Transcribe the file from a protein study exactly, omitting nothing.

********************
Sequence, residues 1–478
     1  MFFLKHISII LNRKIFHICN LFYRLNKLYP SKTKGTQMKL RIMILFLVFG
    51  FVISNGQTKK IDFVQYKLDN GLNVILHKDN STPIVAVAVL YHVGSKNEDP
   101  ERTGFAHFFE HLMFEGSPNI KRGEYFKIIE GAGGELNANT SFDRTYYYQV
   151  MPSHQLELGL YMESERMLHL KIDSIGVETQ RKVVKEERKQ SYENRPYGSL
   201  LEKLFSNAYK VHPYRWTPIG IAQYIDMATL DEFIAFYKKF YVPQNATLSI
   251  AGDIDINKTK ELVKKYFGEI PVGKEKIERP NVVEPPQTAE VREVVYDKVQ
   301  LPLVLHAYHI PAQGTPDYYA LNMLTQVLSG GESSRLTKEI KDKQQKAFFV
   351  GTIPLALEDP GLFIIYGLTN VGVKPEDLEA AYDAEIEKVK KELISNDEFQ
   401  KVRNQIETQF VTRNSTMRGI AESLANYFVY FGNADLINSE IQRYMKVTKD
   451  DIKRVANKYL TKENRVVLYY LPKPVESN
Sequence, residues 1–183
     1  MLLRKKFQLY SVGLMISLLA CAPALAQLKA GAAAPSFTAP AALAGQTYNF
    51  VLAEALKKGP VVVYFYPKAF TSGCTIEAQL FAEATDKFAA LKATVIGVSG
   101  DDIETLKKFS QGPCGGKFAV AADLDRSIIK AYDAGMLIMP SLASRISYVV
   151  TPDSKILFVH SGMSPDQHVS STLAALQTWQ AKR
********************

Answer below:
Sequence, residues 1–478
     1  MFFLKHISII LNRKIFHICN LFYRLNKLYP SKTKGTQMKL RIMILFLVFG
    51  FVISNGQTKK IDFVQYKLDN GLNVILHKDN STPIVAVAVL YHVGSKNEDP
   101  ERTGFAHFFE HLMFEGSPNI KRGEYFKIIE GAGGELNANT SFDRTYYYQV
   151  MPSHQLELGL YMESERMLHL KIDSIGVETQ RKVVKEERKQ SYENRPYGSL
   201  LEKLFSNAYK VHPYRWTPIG IAQYIDMATL DEFIAFYKKF YVPQNATLSI
   251  AGDIDINKTK ELVKKYFGEI PVGKEKIERP NVVEPPQTAE VREVVYDKVQ
   301  LPLVLHAYHI PAQGTPDYYA LNMLTQVLSG GESSRLTKEI KDKQQKAFFV
   351  GTIPLALEDP GLFIIYGLTN VGVKPEDLEA AYDAEIEKVK KELISNDEFQ
   401  KVRNQIETQF VTRNSTMRGI AESLANYFVY FGNADLINSE IQRYMKVTKD
   451  DIKRVANKYL TKENRVVLYY LPKPVESN
Sequence, residues 1–183
     1  MLLRKKFQLY SVGLMISLLA CAPALAQLKA GAAAPSFTAP AALAGQTYNF
    51  VLAEALKKGP VVVYFYPKAF TSGCTIEAQL FAEATDKFAA LKATVIGVSG
   101  DDIETLKKFS QGPCGGKFAV AADLDRSIIK AYDAGMLIMP SLASRISYVV
   151  TPDSKILFVH SGMSPDQHVS STLAALQTWQ AKR